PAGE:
Comments: (7)
Vojar
Pretty good and fast shipping! Thanks!
Tar
This book has had such an impact on me. I have been judged by people my whole life based on the fact that I never had a "baby-face." I have recommended this book to everyone I know!!!!
Qus
This is one of the first and remains one of the best books on facial perception. Although very important for an academic audience, it's an immensely readable book. The author, an academic and Brandeis University, is known as a pioneer in the field of facial perception. Dr. Zebrowitz offers many practical examples and insights into how we see other people and judge them by their faces. Surprisingly, some of our judgments are accurate, such as judging a person's intelligence by their faces, while other, such as telling if a person is honest, are not accurate. Zebrowitz delves into the social pitfalls of judging a person's personality by their faces such as in the judicial system and in the medical community. She notes that attractive people get better treatment by law enforcement, judges, police, and teachers. This book made me think of my face defines my own personality.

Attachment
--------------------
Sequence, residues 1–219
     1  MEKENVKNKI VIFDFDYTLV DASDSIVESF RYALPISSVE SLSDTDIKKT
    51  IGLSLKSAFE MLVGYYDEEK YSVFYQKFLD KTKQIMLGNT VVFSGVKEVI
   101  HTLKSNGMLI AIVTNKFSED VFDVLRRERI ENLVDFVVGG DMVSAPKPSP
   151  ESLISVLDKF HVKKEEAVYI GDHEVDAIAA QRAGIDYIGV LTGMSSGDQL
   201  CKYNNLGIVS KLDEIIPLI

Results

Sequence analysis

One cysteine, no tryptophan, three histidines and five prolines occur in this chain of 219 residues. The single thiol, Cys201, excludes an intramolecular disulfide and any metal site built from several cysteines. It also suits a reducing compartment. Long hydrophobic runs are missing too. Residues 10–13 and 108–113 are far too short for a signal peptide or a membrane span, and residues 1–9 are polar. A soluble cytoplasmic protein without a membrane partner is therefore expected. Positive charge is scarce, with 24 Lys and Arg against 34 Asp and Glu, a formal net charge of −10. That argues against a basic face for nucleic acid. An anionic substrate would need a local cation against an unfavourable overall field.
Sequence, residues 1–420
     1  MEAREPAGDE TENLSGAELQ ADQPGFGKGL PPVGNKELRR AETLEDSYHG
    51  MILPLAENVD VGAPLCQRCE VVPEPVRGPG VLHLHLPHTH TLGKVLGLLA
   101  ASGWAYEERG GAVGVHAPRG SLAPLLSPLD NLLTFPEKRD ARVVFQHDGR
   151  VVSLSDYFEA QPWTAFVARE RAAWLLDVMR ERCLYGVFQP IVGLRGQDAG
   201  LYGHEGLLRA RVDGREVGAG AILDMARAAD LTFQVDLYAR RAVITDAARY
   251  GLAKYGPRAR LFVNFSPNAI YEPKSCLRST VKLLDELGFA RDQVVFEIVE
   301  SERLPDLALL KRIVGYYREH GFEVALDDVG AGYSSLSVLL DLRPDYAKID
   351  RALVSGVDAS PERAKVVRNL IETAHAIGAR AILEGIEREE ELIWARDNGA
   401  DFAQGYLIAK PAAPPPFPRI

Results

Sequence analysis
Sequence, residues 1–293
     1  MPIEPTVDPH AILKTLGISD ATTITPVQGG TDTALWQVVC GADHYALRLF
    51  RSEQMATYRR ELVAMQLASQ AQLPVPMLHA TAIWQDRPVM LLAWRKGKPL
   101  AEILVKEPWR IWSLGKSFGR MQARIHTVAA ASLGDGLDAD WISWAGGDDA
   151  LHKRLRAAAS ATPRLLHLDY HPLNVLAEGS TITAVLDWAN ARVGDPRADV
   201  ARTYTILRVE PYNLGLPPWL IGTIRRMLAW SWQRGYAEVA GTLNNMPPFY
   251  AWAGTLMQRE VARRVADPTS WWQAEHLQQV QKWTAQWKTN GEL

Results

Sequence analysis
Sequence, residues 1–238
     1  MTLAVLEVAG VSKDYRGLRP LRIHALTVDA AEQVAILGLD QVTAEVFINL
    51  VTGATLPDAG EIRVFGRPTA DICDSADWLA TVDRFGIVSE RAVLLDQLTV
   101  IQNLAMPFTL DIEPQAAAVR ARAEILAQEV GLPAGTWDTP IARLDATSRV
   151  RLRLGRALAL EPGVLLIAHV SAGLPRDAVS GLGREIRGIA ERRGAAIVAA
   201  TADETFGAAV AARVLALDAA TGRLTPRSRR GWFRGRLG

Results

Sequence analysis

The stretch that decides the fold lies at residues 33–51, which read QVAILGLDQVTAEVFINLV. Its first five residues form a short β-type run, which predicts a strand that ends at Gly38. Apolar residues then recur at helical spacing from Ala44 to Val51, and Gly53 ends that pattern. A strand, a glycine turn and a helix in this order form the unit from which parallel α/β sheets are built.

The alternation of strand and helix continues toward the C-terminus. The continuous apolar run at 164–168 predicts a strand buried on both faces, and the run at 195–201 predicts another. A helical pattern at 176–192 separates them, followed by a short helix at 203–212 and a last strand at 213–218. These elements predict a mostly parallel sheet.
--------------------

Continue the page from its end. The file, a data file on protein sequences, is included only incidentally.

I would highly recommend this work to anyone interested in people and personality.
greatest
This book title is a little misleading and it will initially disappoint those who are looking for a book on how to read faces. However, it should be the first book that anyone interested in the subject should read.

In Reading Faces, the author spends a great deal of pages (and well researched material) to dispel the myth that there is a direct and systematic link between our facial appearance and psychological traits. But, unlike what another reviewer said, Leslie Zebrowitz does not say that there is absolutely no link between them. Through her model of appearance-traits relations in chapter 3 and 8 she explains how biology and environment can influence directly or indirectly that relation and how an individual may react to it (surfing along ones appearance => self-fulfilling prophecy; fighting it => self-defeating prophecy...).

The point is that there is no simple (simplistic, rather I should say) or systematic (if you wide a wide chin, broad jaw then it automatically means that you are strong willed, authoritarian...) appearance-traits link as some books or people pretend there is. As a matter of fact, I have yet to find a book/article/speaker on face reading that backup their system or claims with scientifically validated studies (as opposed to Leslie Zerbrowitz who thoroughly references every point she makes).